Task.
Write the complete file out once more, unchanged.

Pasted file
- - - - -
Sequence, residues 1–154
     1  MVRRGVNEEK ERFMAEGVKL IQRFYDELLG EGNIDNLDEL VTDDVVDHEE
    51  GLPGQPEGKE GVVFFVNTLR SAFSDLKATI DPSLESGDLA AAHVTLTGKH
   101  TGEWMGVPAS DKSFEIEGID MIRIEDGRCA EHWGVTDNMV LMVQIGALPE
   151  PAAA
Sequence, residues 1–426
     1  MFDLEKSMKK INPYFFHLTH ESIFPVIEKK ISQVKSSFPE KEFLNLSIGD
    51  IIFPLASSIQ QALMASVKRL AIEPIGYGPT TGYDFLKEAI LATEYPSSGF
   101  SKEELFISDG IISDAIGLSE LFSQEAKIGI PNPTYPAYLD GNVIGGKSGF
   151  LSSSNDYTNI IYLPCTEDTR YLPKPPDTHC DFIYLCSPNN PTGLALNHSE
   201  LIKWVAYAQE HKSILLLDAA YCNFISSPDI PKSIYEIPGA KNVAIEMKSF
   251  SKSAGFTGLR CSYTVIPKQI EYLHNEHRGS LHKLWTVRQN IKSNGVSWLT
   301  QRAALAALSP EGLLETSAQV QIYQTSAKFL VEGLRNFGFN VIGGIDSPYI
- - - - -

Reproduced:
Sequence, residues 1–154
     1  MVRRGVNEEK ERFMAEGVKL IQRFYDELLG EGNIDNLDEL VTDDVVDHEE
    51  GLPGQPEGKE GVVFFVNTLR SAFSDLKATI DPSLESGDLA AAHVTLTGKH
   101  TGEWMGVPAS DKSFEIEGID MIRIEDGRCA EHWGVTDNMV LMVQIGALPE
   151  PAAA
Sequence, residues 1–426
     1  MFDLEKSMKK INPYFFHLTH ESIFPVIEKK ISQVKSSFPE KEFLNLSIGD
    51  IIFPLASSIQ QALMASVKRL AIEPIGYGPT TGYDFLKEAI LATEYPSSGF
   101  SKEELFISDG IISDAIGLSE LFSQEAKIGI PNPTYPAYLD GNVIGGKSGF
   151  LSSSNDYTNI IYLPCTEDTR YLPKPPDTHC DFIYLCSPNN PTGLALNHSE
   201  LIKWVAYAQE HKSILLLDAA YCNFISSPDI PKSIYEIPGA KNVAIEMKSF
   251  SKSAGFTGLR CSYTVIPKQI EYLHNEHRGS LHKLWTVRQN IKSNGVSWLT
   301  QRAALAALSP EGLLETSAQV QIYQTSAKFL VEGLRNFGFN VIGGIDSPYI